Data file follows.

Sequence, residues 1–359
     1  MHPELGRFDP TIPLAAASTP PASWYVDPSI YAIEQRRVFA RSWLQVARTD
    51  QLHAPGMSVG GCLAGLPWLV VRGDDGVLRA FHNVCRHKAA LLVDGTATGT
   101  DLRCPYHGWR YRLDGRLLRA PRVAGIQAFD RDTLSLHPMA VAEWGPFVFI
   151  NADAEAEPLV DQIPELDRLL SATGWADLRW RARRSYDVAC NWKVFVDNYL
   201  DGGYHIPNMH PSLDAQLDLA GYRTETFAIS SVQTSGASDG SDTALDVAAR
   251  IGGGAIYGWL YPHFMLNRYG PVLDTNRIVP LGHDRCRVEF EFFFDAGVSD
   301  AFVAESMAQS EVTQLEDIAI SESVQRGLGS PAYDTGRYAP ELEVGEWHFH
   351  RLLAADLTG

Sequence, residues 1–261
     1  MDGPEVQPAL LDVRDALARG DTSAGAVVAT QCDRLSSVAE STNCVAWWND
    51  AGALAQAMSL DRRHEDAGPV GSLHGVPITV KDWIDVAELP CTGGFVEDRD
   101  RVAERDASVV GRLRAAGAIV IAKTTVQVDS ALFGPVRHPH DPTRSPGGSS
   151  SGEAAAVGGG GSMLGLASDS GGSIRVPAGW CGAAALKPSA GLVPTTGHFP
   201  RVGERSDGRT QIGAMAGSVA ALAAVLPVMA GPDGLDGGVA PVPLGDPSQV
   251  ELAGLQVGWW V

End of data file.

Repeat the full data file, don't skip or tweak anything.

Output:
Sequence, residues 1–359
     1  MHPELGRFDP TIPLAAASTP PASWYVDPSI YAIEQRRVFA RSWLQVARTD
    51  QLHAPGMSVG GCLAGLPWLV VRGDDGVLRA FHNVCRHKAA LLVDGTATGT
   101  DLRCPYHGWR YRLDGRLLRA PRVAGIQAFD RDTLSLHPMA VAEWGPFVFI
   151  NADAEAEPLV DQIPELDRLL SATGWADLRW RARRSYDVAC NWKVFVDNYL
   201  DGGYHIPNMH PSLDAQLDLA GYRTETFAIS SVQTSGASDG SDTALDVAAR
   251  IGGGAIYGWL YPHFMLNRYG PVLDTNRIVP LGHDRCRVEF EFFFDAGVSD
   301  AFVAESMAQS EVTQLEDIAI SESVQRGLGS PAYDTGRYAP ELEVGEWHFH
   351  RLLAADLTG

Sequence, residues 1–261
     1  MDGPEVQPAL LDVRDALARG DTSAGAVVAT QCDRLSSVAE STNCVAWWND
    51  AGALAQAMSL DRRHEDAGPV GSLHGVPITV KDWIDVAELP CTGGFVEDRD
   101  RVAERDASVV GRLRAAGAIV IAKTTVQVDS ALFGPVRHPH DPTRSPGGSS
   151  SGEAAAVGGG GSMLGLASDS GGSIRVPAGW CGAAALKPSA GLVPTTGHFP
   201  RVGERSDGRT QIGAMAGSVA ALAAVLPVMA GPDGLDGGVA PVPLGDPSQV
   251  ELAGLQVGWW V